|Publication number||US5779471 A|
|Application number||US 08/594,694|
|Publication date||Jul 14, 1998|
|Filing date||Jan 31, 1996|
|Priority date||Mar 8, 1995|
|Also published as||CA2214764A1, DE69605184D1, DE69605184T2, EP0813395A1, EP0813395B1, WO1996027344A1|
|Publication number||08594694, 594694, US 5779471 A, US 5779471A, US-A-5779471, US5779471 A, US5779471A|
|Inventors||Mingchih M. Tseng, Jean L. Spencer, Thomas Craig Masterman|
|Original Assignee||Gillette Canada Inc.|
|Export Citation||BiBTeX, EndNote, RefMan|
|Patent Citations (32), Referenced by (10), Classifications (8), Legal Events (6)|
|External Links: USPTO, USPTO Assignment, Espacenet|
This is a continuation-in-part of application Ser. No. 08/400,611, filed Mar. 8, 1995, now abandoned.
The invention relates to the delivery of a substance into the mouth.
Tooth decay and periodontal disease are common problems caused by bacteria and plaque present in the mouth. Reducing decay-causing bacteria and plaque has long been the target of persons working in the health care field. The most common way to reduce bacteria is to brush and floss the teeth regularly and to visit a dental hygienist to have the teeth and gums cleaned regularly.
Oral irrigation systems are known in the dental field. Dentists and oral hygienists have long used oral irrigation systems for lavage, tissue stimulation and oral rinsing. More recently, home versions of oral irrigation systems have become available for everyday use. Most oral irrigation systems for home use require the use of water. By forcing water through a hand-held tip, a jet stream is created which removes food particles from between the teeth, while also stimulating and massaging the gums.
Antimicrobial agents (sometimes called antibacterial agents) are known for treatment of plaque and decay-promoting bacteria.
The invention relates to delivering a selected substance to the mouth. The substance can be, for example, an antimicrobial agent, a whitener, a flavoring, a fluoride compound, a foaming agent, a desensitizing agent, a nutritional agent, an odor-preventing agent, a remineralizing agent, an anticalculus agent, an anti-inflammatory agent, a salivary gland stimulator, an antifungal agent, or an antiviral agent. The invention uses a composite including the substance, and is designed so that the substance is released from the composite when the composite is contacted with water.
There are a number of aspects to the invention.
One aspect features an oral irrigator for delivering a substance to the mouth when water flows through the irrigator. The irrigator includes a tip portion for delivering water into the mouth, a flow path that delivers water through the irrigator, including the tip, and a composite that includes a substance that is released when the composite is contacted with water. The composite preferably is molded or extruded, and is positioned in the irrigator so that water flowing through the irrigator contacts the composite. As a result, during use of the irrigator the substance leaches out of the composite into the water and is carried into the mouth.
A preferred composite includes a water-insoluble polymer that functions as a support resin, a water-soluble polymer (e.g., polyethylene oxide or polyacrylic acid), and the substance. Alternatively, a water-swellable polymer or a water-soluble monomeric species may be used instead of or in addition to the water-soluble polymer. The water-soluble material enhances the release of the substance from the composite because the material dissolves from the composite when the composite is contacted with water, causing channels to form in the composite through which the substance can leach into the water. The water-swellable material absorbs water and swells, enhancing the release of the substance from the composite. Thus, both water-soluble materials and water-swellable materials facilitate release of the substance from the composite into the flow path.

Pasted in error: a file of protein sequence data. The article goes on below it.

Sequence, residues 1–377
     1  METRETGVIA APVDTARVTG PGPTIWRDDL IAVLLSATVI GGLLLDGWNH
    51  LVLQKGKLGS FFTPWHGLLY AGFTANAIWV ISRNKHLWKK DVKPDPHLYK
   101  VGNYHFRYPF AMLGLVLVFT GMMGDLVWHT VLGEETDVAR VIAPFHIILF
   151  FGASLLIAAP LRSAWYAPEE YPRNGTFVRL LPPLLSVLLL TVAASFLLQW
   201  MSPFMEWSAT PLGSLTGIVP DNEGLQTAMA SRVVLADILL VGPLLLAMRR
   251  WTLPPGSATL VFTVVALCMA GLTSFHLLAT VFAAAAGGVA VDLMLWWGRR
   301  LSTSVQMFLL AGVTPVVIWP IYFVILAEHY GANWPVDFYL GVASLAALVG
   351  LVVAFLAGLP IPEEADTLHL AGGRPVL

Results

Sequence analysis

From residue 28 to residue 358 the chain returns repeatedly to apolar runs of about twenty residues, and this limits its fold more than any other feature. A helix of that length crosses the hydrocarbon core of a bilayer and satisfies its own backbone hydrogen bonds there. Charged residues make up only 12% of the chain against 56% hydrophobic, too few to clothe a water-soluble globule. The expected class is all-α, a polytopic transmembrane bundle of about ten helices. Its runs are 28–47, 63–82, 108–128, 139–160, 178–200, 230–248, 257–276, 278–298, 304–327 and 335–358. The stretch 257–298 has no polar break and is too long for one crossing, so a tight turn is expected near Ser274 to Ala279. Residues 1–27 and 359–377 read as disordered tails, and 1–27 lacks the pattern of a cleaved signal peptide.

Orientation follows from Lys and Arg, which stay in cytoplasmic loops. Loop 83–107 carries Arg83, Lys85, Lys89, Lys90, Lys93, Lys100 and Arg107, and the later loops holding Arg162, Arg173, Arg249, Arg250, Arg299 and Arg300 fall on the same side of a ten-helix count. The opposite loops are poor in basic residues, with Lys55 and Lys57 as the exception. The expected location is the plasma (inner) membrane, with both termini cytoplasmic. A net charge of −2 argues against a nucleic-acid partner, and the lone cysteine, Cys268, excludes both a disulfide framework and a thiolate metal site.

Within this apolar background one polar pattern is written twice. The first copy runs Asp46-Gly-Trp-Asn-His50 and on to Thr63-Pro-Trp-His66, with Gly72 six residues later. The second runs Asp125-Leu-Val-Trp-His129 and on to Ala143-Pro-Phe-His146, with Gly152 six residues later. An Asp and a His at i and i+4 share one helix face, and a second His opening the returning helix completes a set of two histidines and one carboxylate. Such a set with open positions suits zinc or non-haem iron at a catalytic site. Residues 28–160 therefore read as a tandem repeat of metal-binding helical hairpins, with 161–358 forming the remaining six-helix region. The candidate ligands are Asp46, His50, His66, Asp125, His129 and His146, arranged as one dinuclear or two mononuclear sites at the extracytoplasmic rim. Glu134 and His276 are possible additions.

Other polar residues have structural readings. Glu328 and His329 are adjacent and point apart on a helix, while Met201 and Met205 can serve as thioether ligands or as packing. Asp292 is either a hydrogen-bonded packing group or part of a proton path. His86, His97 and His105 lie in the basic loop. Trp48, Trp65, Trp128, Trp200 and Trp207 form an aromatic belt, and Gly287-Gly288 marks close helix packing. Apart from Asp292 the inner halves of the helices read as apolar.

Another preferred composite includes a water-soluble polymer (e.g., polyethylene oxide or polyacrylic acid) and the substance.
A preferred composite is tube-shaped and has a central opening through which water can pass.
In another aspect, the invention features a tip that is suitable for attachment to an oral irrigator. The tip includes one of the composites described above.
In another aspect, the invention features a method of introducing a substance into the mouth. The method includes flowing water over a composite including the substance, and then into the mouth. The substance is released into the water and delivered to the mouth.
In another aspect, the invention features an oral irrigator or tip for an oral irrigator that includes a solid composition including a bisguanide such as chlorhexidine or alexidine, or a quaternary ammonium salt such as cetyl pyridium chloride, that acts as an antimicrobial agent. The composition is positioned in the irrigator or tip so that water flowing through the irrigator contacts the composition, causing the release of the bisguanide into the water and, ultimately, into the mouth. The invention also features using the oral irrigator or tip to deliver the bisguanide or quaternary ammonium salt to the mouth.
The invention provides a simple way to deliver a wide variety of substances to the mouth. The composites are easy to manufacture. They can, for example, be co-extruded or two-color molded along with the tip or other portion of the irrigator. Alternatively, the composites can be extruded or molded to a shape suitable to fit, for example, at any point along the flow path in an oral irrigator. The composite can be inserted permanently into the irrigator during manufacture, or the composite can be sized and shaped so that a user can insert or remove it from the irrigator. In the latter embodiment the user can simply replace a used composite with a new composite when necessary. Also, when the irrigator includes a replaceable tip and the composite is included in the tip, the tip may be replaced when the original composite is used up. Alternatively, the composite may include a component that when released along with the substance causes a color change in the composite.